Paul Eacuello can see how that happens.
His sister-in-law had an eating disorder, and when she died, his daughter took the news particularly hard. Shortly thereafter, he began to worry about her well-being but wasn’t sure what the problem was.
“I noticed a change in her. I noticed depression and I thought it was just about the death,” he said.
It wasn’t just depression. It was an eating disorder. His daughter’s weight dropped and she experienced other health problems as a result of her weakened state.
For Eacuello, his initial reaction was “just eat something,” but he soon realized how serious the disease was.
“This isn’t something like a cut on your finger where you put a band aid on it to fix it. It is something within them that takes over the body,” he said.
It has the tendency to take over the family as well. Parents spend much of their time bringing children back and forth to the doctor. Eacuello’s daughter sees her doctor weekly, where she is weighed and has her vitals checked. Every other week, she visits her nutritionist. And several times a week, she sees Arruda-Tracy either in private or as part of the support group.
At home, Eacuello and his wife completely oversee food preparation, and do not allow their daughter to watch, as she could be mentally counting calories and essentially talking herself out of eating the meal.
“She’s supposed to have on her plate whatever we give her. It takes the control away,” Eacuello explained.
At school, his daughter must eat lunch with a counselor, to make sure she’s taking in enough calories.
The treatment measures are intensive, but Arruda-Tracy sees an alternative in early intervention. She believes schools should be doing eating disorder screenings, and more community supports should be in place to help young people cope with the disease, especially because there is a negative stigma surrounding it.
“People think it’s a choice,” she said.
The warning signs vary but include preoccupation with appearance, sudden weight loss, food refusal, compulsive exercising, ritualized behaviors at mealtime and isolation.
“The pressures to be thin and fit in, I think, become so overwhelming that we’re seeing a lot of school avoidance,” Arruda-Tracy said.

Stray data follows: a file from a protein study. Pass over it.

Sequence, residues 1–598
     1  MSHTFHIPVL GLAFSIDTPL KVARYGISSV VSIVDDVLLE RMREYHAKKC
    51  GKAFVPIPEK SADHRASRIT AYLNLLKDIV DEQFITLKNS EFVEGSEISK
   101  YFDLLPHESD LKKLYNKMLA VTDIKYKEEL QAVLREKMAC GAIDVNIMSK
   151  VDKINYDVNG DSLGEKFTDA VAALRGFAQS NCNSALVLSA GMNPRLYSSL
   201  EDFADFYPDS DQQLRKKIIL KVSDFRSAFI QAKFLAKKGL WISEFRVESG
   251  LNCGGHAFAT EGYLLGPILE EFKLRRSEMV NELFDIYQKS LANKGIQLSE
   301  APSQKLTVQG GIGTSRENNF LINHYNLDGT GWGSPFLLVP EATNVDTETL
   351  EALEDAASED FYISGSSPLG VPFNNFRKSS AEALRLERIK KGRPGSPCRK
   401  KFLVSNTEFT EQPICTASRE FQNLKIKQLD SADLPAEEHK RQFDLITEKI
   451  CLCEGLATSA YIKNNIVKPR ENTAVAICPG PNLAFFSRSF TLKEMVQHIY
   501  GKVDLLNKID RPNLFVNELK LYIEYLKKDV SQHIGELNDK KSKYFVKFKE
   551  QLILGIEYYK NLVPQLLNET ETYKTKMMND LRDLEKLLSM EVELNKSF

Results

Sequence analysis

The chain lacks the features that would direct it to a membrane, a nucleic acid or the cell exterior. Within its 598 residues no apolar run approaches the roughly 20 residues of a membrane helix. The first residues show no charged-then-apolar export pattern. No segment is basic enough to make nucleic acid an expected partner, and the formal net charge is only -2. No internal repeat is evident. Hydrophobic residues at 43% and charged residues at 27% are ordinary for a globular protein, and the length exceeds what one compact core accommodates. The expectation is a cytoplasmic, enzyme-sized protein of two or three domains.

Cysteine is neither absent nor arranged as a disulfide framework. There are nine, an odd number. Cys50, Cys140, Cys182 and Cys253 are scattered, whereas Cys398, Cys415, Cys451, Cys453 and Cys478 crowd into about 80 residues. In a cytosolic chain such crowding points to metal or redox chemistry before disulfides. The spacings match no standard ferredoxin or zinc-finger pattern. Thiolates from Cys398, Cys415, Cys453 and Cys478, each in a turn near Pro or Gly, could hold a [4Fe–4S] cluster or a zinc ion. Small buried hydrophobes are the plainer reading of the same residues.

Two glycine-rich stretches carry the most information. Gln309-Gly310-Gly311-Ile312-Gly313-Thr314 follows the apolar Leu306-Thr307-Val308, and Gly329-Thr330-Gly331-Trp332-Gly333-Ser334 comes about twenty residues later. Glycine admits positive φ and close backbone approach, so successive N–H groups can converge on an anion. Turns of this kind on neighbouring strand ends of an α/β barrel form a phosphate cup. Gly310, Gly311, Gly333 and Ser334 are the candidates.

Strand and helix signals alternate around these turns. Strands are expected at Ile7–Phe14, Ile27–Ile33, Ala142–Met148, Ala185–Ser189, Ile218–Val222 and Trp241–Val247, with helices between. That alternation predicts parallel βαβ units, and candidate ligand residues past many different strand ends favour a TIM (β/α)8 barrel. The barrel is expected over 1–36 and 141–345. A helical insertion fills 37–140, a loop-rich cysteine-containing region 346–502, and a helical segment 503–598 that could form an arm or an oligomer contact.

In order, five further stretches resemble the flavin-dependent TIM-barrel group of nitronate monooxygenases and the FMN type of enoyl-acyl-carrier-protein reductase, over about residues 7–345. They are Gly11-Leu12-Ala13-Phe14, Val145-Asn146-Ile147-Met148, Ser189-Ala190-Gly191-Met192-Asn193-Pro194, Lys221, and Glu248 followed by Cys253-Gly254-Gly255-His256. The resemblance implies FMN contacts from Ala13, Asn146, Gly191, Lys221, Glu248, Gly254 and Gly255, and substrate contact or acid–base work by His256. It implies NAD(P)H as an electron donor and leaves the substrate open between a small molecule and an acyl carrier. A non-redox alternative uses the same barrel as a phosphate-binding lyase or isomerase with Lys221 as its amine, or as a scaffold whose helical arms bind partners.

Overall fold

Laura saw all of those warning signs in herself. She felt incredible pressure to fit in, and when she looked in the mirror, all she could see was her weight.
“I wanted to be like everybody else,” she said.
Laura missed quite a bit of school because of her eating disorder, but she hopes that she can avoid further relapse. Still, she says the disease is always lurking in the back of her mind.
“It’s not easy, that’s for sure,” she said. “I don’t think I will ever be able to say I’m fully recovered. I think I will be in recovery for the rest of my life.”
Arruda-Tracy has seen Laura through her second relapse and recovery, and is confident that she will move on from her eating disorder.
“Recovery is a process. Being recovered is when they’re no longer basing their entire lives on a number on a scale, or when they’re not basing their whole lives on food,” she said.
It also comes when the individual realizes that perfection isn’t possible.
“It’s not an overnight process,” Arruda-Tracy added.
Eacuello met Laura for the first time last week, but as they discussed the similarities between her experiences and those of his daughter, he said he found the teenager’s strength reassuring.
“The fact that she’s controlling the eating disorder now and she’s controlling her life, that gives me hope and I’m very proud of her,” he said.
That’s not easy for Laura to hear. She has become accustomed to putting herself down, but she works on it every day. And when other teens hear her story, she hopes they will stop dangerous behaviors in their tracks and realize that they are perfect just the way they are.
“Don’t give up on it,” she said. “You’ve got to be comfortable with yourself; you’ve got to learn to love yourself.”
For more information, e-mail Stacey Arruda-Tracy at firstname.lastname@example.org, visit www.nationaleatingdisorders.org or call the NEDA help line at 800-931-2237.